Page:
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China arrests leading Web dissident

As the Olympics near, tolerance is low for domestic criticism.

December 30, 2007|Barbara Demick | Times Staff Writer

BEIJING — In what human rights activists are calling a pre-Olympics crackdown on criticism, a leading dissident has been arrested here on charges of "subverting state authority."

The 34-year-old activist, Hu Jia, is among the best known in a new generation of Chinese online dissidents, blogging about issues such as the treatment of AIDS patients and the Tibetan antelope.

His relentless activism has landed him in jail many times, but this latest arrest is likely to provoke a greater outcry because of the spotlight on Beijing in the run-up to the 2008 Summer Olympics.

Hu and his wife, 24-year-old fellow blogger Zhen Jinyan, were already under house arrest when police barged into their Beijing home Thursday afternoon. Activists say the police disconnected the couple's telephones and Internet lines and seized a computer, memory sticks and documents. Zhen, who gave birth six weeks ago to a daughter, was not taken into custody.

Hu joins a number of other activists, many of them similarly plying their criticism over the Internet, who have been arrested in recent months.

In a statement released late Friday, Paris-based Reporters Without Borders called Hu "one of the foremost representatives of the peaceful struggle for free expression in China." The advocacy group, which this month had given Hu and Zhen an award for their activism, urged the international community "to rally to Hu's defense so that he does not become another victim of China's pre-Olympics repression."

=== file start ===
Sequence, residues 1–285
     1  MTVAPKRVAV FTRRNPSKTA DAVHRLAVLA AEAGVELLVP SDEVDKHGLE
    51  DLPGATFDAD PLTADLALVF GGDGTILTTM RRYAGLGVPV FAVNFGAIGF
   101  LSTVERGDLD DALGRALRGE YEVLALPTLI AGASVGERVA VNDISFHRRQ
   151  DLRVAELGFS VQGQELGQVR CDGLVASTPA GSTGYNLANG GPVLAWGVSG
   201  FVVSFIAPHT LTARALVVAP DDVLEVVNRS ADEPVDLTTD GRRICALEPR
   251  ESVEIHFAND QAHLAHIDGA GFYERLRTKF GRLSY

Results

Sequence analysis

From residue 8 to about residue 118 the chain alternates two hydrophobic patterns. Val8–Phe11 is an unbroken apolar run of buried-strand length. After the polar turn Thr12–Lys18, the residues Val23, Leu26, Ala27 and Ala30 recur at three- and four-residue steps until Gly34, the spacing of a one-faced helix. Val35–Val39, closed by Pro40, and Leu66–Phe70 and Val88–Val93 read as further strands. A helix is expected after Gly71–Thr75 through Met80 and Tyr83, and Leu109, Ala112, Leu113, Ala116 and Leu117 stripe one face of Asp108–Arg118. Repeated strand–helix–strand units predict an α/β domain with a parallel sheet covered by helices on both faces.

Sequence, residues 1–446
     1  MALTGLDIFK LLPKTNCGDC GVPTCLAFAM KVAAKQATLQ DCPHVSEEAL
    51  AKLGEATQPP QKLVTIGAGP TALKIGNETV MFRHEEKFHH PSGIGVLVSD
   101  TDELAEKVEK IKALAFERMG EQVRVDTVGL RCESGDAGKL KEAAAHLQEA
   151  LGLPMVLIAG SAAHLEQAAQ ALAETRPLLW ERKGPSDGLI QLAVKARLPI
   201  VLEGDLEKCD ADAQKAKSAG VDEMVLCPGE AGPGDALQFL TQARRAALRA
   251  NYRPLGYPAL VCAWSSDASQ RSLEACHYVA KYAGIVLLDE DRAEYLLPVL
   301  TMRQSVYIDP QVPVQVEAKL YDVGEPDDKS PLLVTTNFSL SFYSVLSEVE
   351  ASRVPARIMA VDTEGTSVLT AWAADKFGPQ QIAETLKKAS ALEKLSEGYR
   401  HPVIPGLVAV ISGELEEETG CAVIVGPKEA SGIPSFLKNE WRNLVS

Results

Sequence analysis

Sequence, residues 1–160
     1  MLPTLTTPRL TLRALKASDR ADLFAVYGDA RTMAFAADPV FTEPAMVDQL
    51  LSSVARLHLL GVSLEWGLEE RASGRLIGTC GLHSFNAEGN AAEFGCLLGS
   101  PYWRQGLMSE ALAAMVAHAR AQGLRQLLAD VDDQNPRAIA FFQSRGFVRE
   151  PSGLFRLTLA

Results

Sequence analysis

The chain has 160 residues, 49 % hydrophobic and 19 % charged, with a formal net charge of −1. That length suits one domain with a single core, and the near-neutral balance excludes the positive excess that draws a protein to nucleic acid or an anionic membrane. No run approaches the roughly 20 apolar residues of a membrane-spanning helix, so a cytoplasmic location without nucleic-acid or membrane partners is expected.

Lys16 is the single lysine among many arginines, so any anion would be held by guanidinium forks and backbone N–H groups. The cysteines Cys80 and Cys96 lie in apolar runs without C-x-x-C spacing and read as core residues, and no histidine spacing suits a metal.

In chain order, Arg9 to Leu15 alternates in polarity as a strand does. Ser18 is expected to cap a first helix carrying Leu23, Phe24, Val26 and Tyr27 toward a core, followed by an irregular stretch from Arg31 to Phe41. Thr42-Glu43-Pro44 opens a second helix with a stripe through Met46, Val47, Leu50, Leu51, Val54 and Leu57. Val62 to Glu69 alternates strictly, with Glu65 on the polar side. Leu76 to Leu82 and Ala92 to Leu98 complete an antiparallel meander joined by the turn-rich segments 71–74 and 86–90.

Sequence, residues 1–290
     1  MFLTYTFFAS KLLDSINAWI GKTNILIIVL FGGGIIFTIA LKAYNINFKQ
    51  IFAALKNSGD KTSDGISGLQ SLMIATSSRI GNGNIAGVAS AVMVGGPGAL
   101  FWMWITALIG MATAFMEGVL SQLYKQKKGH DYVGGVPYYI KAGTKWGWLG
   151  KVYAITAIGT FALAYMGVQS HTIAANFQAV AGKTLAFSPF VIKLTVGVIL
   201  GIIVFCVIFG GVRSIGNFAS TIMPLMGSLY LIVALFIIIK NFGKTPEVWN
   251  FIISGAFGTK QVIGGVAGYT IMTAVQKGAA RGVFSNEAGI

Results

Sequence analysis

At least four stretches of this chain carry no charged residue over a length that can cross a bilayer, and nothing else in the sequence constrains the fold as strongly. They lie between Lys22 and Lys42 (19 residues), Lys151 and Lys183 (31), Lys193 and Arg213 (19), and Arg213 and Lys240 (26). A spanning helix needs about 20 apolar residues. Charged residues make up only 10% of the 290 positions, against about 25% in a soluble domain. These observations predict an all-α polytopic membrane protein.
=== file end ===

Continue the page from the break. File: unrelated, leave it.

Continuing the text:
Despite having been under house arrest since May, Hu and Zhen remained as active as ever, using the Internet to compensate for their lack of mobility. Hu testified by Web camera at a European parliamentary hearing Nov. 26 in Brussels, at one point calling the Olympics a "human rights disaster."

Beijing has made it clear that it will not allow domestic critics to spoil what is being touted as the ultimate "coming out party," celebrating China's emergence as an economic power.

"We are against anyone politicizing the Olympic movement and the Olympic Games," said Jiang Xiaoyu, executive vice president of the Beijing Organizing Committee for the Games of the XXIX Olympiad, during a talk Friday with journalists. "If anyone is to try to violate the Olympic spirit, they will not succeed."

The Chinese government made no statement over the weekend about Hu's arrest, which was first reported by fellow activists.

From Beijing to Athens, where the Olympic torch is to be lighted in March, protests are being organized to publicize grievances against China on dozens of issues, such as its policies in Sudan and the treatment of North Korean refugees.

Trying to forestall the inevitable protests, China began rounding up suspected troublemakers in the days and weeks before another important event, the 17th Communist Party Congress, in October. Lawyer Gao Zhisheng was arrested in late September after writing an open letter to the U.S. Congress referring to the Games as the "handcuff Olympics."

Online commentator Wang Dejia was arrested in the southern Chinese city of Guilin, in Guangxi province, this month after complaining that excess spending for the Olympics would force ordinary people to "live like pigs and dogs."


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